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Some online users accused the illustrator of deliberately making the children in the textbook appear ugly. Photo: Weibo

Problematic maths figures? Review ordered after row over primary school textbook illustrations

  • State-run People’s Education Press hit by claims of sexually and ideologically inappropriate pictures
  • Publisher apologises for text in use for a decade

Beijing has ordered fresh review of all textbooks used by the country’s primary and secondary schools in response to perceived sexually and ideologically inappropriate illustrations in a series of maths texts.

The decision followed complaints online that a number of primary school maths textbooks published by People’s Education Press appeared to show children with genitals, wearing stars and stripes and with tattoos.

“We must ensure all the textbooks adhere to correct political directions and values, advocate traditional Chinese culture and meet public aesthetic standards,” the Ministry of Education said on Saturday.

The ministry ordered the state-owned publisher to re-illustrate the textbook and ensure the new version was available for the autumn semester.

It also released contact information for the public to file any other complaints about textbooks.

The illustrations were described by some online commenters as inappropriate. Photo: Handout

The illustrations started trending as a topic on Weibo, China’s heavily censored equivalent of Twitter, on Thursday and have attracted tens of millions of views since then.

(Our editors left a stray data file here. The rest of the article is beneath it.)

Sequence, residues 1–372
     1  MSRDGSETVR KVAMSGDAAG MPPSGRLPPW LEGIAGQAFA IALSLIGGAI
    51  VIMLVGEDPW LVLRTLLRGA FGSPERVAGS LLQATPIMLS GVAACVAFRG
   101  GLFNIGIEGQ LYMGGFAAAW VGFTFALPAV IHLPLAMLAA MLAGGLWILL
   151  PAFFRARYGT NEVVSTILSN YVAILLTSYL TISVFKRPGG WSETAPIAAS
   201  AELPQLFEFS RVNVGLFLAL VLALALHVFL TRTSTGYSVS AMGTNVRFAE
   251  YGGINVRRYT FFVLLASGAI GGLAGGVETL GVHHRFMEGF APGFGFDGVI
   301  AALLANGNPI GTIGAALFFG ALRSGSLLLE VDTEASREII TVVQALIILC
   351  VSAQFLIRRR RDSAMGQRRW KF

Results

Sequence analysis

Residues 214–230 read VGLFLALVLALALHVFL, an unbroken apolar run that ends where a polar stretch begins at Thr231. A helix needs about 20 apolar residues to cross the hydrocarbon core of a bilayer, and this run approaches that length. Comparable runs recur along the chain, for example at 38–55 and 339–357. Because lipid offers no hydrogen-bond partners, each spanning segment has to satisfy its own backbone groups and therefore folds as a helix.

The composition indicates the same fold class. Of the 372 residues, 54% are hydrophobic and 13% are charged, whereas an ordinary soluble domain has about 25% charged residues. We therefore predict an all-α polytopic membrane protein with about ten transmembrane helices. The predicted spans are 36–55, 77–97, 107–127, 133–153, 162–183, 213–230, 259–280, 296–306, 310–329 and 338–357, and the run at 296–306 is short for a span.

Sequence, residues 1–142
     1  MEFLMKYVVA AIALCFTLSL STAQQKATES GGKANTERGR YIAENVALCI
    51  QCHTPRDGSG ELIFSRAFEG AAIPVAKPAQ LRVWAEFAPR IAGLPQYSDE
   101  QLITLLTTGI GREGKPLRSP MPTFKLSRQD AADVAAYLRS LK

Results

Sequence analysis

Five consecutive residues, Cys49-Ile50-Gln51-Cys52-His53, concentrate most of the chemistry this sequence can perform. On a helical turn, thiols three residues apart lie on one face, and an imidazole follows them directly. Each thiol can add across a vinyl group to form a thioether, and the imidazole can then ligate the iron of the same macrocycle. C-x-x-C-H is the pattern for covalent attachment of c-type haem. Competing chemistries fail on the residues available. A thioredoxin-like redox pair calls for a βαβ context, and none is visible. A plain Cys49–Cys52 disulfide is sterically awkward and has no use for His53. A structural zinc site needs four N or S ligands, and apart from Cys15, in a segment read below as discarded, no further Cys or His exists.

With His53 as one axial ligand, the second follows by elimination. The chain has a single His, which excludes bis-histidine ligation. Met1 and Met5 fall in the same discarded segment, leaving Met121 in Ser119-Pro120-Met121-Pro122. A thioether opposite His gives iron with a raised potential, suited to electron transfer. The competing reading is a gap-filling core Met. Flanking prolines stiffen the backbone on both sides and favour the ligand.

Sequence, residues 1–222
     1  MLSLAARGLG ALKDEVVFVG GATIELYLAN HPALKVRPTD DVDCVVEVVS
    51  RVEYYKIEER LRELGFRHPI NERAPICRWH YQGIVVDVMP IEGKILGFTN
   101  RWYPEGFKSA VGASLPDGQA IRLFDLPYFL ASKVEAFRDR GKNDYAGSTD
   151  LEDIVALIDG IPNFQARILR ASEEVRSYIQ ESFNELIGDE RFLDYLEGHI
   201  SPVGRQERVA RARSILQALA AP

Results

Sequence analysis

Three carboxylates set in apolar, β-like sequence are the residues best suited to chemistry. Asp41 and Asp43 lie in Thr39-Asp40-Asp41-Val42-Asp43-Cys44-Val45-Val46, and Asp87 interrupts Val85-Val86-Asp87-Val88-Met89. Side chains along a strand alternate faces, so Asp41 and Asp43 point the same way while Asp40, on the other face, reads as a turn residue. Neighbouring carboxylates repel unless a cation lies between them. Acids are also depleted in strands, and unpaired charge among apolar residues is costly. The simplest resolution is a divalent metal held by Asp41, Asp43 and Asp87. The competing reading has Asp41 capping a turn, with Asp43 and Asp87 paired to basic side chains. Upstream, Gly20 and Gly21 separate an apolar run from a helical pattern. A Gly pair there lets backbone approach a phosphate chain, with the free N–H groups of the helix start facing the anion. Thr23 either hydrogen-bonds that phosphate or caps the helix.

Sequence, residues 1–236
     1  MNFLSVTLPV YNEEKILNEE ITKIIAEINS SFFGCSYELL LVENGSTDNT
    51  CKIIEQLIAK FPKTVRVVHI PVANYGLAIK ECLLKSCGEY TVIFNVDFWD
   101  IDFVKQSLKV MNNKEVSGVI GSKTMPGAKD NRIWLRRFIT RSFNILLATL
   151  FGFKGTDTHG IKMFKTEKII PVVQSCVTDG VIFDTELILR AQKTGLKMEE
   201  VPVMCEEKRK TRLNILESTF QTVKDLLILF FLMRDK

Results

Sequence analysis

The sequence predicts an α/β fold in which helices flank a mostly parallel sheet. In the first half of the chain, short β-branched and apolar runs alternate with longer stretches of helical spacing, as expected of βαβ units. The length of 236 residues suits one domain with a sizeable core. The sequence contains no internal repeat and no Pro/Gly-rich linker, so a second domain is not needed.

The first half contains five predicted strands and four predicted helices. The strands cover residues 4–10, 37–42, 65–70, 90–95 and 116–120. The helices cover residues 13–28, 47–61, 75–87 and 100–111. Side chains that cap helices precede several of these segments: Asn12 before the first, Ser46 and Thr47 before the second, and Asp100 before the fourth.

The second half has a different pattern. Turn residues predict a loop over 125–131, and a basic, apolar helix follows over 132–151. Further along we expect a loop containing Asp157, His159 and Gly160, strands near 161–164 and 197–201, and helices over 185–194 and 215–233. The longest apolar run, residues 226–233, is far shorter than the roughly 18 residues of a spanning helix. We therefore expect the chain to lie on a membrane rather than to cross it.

Some commenters also complained that drawing technique in the pictures was poor while others said the subjects were deliberately made to look ugly.

In addition, some said that showing children wearing clothes patterned with stars and stripes reflected Western influences.

The series was first used nationwide for pupils in grades one to six in 2013 and has been republished twice since then.

The illustrations were done by artists outside the company.

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In a statement on Saturday, the publisher said it felt remorse and was deeply sorry.

But there was little sympathy in other corners of state media.

“Is an apology or a promise of a correction enough?” said a commentary published on the social media account of Legal Daily, a newspaper affiliated to the Communist Party’s Central Political and Legal Affairs Commission.

“If no one is held accountable for this, similar events could happen. We must stay alert to unhealthy values that harm our children in a variety of disguises.”

The series has been used nationwide since 2013. Photo: Handout

Founded in 1950, People’s Education Press is the country’s biggest textbook publisher and was once praised by President Xi Jinping for its great contributions to China’s education and for helping cultivate the builders and successors of socialism.

“People’s Education Press must concentrate on the fundamental task of building morality and cultivating people, adhere to the correct political direction … and create high-quality teaching materials that purify the soul and inspire wisdom,” he wrote in a letter in November 2020.

Textbooks are a key front in Beijing’s ideological offensive, as authorities try to promote the core values of Chinese socialism and prevent the intrusion of Western values.

The efforts extend to many international schools, which have been told to use Chinese, rather than foreign, textbooks and courses.

Earlier this month, private school Harrow Beijing was renamed Lide School after the authorities banned foreign names from institutions teaching local students.